Using the numerically calculated electric field strengths of the and modes, we found the red and blue guided laser powers which gave the deepest trap, subject to the constraint of fixed total power (keeping the detuning constant 8.4). We also imposed the restriction that the zero of trapping potential come no closer than 100nm along the vertical line , which kept the trap minimum a reasonable distance from the surface (see Section 8.5.1). Performing this optimization over a region of the parameter space covering the single-mode region gave a contour plot of maximum achievable depth for a given total power, shown within the rectangle overlayed on Figure 8.2. This depth increases from negligible values in the top left to the largest depths in the lower right, indicating that choosing and to be in this latter corner of the single-mode region is best for depth. The depth shows very little variation with in this corner, rather it is clear that varying to stay within our definition of the single-mode region has become the limiting factor on achievable depth. We indicate a practical choice of and as a small marker on Figure 8.2. Example trapping potentials shapes possible with these parameters are shown in Figure 8.3; we discuss their properties in Section 8.3.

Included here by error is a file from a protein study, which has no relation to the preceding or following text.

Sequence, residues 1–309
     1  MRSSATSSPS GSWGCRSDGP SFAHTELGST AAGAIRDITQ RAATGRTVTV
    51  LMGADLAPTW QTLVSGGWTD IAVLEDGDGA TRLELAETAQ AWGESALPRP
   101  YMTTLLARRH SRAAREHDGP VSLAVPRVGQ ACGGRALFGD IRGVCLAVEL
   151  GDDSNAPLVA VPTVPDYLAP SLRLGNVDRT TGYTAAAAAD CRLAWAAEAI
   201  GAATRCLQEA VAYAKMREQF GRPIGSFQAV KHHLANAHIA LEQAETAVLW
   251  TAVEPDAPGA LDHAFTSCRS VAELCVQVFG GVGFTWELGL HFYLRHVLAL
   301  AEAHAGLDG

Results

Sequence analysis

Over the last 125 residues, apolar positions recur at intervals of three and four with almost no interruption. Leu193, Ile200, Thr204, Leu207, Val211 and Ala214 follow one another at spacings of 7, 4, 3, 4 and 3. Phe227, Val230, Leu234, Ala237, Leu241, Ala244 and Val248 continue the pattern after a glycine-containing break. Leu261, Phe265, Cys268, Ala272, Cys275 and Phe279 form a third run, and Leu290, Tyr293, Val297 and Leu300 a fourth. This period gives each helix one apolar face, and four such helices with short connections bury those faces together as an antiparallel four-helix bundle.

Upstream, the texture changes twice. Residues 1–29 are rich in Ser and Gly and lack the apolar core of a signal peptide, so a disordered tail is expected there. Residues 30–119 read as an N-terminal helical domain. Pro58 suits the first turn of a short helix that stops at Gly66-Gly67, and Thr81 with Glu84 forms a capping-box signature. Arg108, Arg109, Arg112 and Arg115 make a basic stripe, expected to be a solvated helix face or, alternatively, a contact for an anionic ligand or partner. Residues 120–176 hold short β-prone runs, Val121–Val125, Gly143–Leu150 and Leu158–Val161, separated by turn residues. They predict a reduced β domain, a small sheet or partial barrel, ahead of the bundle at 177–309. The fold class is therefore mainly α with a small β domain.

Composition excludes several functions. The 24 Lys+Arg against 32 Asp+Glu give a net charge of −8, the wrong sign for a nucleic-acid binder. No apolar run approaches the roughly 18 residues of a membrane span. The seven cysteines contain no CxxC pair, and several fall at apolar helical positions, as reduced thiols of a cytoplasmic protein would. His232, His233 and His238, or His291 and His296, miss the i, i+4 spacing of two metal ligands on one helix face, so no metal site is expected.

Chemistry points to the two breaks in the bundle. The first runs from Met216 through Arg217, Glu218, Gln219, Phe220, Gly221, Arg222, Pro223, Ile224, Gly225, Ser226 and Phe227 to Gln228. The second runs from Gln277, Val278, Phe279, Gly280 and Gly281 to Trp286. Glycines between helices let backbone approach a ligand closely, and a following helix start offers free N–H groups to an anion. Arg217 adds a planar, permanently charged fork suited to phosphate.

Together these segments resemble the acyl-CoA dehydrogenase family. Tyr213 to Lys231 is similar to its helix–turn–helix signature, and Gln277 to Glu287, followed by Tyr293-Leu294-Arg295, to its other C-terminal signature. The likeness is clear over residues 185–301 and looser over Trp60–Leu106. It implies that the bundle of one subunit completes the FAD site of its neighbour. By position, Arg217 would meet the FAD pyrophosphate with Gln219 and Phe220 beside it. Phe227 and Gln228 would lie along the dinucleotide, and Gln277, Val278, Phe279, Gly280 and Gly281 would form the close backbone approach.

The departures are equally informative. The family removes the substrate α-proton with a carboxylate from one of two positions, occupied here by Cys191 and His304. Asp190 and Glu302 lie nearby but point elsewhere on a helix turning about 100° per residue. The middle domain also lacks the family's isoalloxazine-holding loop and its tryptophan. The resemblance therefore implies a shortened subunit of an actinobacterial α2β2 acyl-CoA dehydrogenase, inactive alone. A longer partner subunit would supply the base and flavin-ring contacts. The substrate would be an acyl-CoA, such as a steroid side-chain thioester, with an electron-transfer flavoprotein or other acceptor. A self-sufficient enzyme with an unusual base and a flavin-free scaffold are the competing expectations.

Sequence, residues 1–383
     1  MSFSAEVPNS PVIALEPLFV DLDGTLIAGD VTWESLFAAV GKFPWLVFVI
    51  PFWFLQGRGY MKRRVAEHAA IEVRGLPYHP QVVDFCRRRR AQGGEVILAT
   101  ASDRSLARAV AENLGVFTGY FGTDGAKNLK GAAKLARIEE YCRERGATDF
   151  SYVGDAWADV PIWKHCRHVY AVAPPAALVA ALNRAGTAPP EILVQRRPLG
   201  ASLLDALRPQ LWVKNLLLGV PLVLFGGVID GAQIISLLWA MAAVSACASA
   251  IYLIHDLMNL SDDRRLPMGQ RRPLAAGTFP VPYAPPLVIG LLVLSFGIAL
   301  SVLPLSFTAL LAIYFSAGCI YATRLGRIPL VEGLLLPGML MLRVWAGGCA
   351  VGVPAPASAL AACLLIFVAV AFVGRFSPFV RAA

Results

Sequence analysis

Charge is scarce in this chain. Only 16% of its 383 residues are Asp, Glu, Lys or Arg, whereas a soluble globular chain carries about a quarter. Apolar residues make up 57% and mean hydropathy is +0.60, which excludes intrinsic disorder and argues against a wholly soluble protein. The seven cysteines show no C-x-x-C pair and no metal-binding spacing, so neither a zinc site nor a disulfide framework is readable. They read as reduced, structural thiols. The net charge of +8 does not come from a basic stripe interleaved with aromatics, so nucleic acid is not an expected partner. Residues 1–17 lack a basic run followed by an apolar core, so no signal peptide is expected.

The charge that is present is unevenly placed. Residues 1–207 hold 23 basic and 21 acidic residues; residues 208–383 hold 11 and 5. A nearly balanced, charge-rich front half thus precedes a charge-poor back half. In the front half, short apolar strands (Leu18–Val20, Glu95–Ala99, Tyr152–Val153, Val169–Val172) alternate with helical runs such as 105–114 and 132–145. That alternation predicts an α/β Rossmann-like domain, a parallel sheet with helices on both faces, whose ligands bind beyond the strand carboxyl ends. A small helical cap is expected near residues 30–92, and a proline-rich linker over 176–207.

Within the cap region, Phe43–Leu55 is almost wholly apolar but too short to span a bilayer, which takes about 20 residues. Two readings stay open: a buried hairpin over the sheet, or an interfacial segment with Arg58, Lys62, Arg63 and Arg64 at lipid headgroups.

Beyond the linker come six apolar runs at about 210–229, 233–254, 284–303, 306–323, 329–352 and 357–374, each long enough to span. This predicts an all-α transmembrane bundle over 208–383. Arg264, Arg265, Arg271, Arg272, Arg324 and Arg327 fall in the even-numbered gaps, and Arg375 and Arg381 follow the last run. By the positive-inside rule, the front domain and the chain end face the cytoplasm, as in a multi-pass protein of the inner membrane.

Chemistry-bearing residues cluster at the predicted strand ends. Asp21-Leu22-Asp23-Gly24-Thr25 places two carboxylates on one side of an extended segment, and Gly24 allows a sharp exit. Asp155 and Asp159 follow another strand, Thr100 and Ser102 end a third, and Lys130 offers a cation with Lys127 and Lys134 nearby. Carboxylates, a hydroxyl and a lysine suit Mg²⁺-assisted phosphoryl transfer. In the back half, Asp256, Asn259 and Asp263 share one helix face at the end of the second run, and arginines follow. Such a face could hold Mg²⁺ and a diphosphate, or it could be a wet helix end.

In Figure 8.1a the direct excitation of the optical guide by the two laser beams is shown only schematically. In a realistic experimental setup this coupling into the guide would happen on the order of a centimeter from the atom guiding region, and could involve tapered or Bragg couplers from beams or from other fibers. At this distance we estimate that isotropic stray light due to an insertion loss of 0.5 would have 8 orders of magnitude less intensity than the EW fields in the guiding region. Assuming the light is coherent, this limits the fractional modulation of the guiding potential to . More improvements are possible, including the use of absorbing shields, bending the guide through large angles away from the original coupling direction, and reducing the coherence length.